Monday, February 23, 2009

The Wherefores of Warfare

Gadfly
by Mort Malkin

The Wherefores of Warfare

In the good old days, the purpose of war was plunder. Plain and simple. History tells us it started in Akkadian times, about 2300 BCE, in the Fertile Crescent. Before that, the Sumerian First Cities found that trade was the way to gain wealth. But, trade spread the wealth around among the commercial class, and the king received only a small part of it through taxes. Politics demanded war.

So, Sargon I became the first King by conquest, and his grandson, Naram Sin, expanded Akkadian dominion to become the King of the Four Quarters of the World. Over the next five centuries, war and peace took their turns into the Old Babylonian period. Hammurabi came into power and the First Dynasty of Babylon became established in Mesopotamia. Yes, it was the same Hammurabi who proclaimed his famous Law Code and had it carved in stone, but the Law was not so applicable in the occupied city states of Uruk, Kish, Sippar, Esunna …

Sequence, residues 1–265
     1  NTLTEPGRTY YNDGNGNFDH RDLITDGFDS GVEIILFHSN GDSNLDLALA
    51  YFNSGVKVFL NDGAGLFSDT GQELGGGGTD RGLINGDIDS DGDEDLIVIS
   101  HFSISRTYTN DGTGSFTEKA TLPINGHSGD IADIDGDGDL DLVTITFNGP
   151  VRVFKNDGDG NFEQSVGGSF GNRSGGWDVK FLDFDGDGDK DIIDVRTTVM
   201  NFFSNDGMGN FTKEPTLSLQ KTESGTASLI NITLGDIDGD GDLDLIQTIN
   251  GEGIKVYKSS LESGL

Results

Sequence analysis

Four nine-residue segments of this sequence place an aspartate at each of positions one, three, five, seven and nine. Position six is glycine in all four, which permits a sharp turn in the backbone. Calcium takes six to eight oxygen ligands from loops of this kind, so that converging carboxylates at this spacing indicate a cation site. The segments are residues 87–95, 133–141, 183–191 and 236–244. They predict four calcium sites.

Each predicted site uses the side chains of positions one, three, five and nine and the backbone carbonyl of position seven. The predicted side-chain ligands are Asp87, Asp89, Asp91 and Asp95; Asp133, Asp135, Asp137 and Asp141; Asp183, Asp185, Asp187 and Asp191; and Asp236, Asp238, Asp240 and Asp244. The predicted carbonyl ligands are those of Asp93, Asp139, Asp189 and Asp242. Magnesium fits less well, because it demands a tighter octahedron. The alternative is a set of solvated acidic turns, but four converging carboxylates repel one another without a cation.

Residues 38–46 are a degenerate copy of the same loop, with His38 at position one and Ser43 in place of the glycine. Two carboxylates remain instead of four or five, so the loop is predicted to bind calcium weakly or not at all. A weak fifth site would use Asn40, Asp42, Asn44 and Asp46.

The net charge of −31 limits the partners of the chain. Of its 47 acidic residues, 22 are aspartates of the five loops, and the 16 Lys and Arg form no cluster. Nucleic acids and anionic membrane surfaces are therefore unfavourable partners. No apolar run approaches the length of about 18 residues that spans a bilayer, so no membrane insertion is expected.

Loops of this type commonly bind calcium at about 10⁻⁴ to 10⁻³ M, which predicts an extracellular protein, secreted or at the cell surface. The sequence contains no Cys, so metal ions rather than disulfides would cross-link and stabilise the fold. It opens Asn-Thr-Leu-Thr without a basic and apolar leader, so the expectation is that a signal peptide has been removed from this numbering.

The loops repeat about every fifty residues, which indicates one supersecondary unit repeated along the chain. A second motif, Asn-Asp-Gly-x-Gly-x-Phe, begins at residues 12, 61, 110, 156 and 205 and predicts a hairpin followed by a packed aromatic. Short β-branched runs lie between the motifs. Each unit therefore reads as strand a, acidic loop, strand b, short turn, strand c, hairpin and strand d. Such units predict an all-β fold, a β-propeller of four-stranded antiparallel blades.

Later in that millennium, Greece and Troy found a more personal rationale for war. Paris, son of King Priam of Troy seduced Helen, the wife of King Menalaus of Sparta. The two went off to Troy, and a thousand ships were launched to take her back. Ergo, the Trojan war — all mixed up between the Greek gods & goddesses and Helen, the most beautiful woman in the world.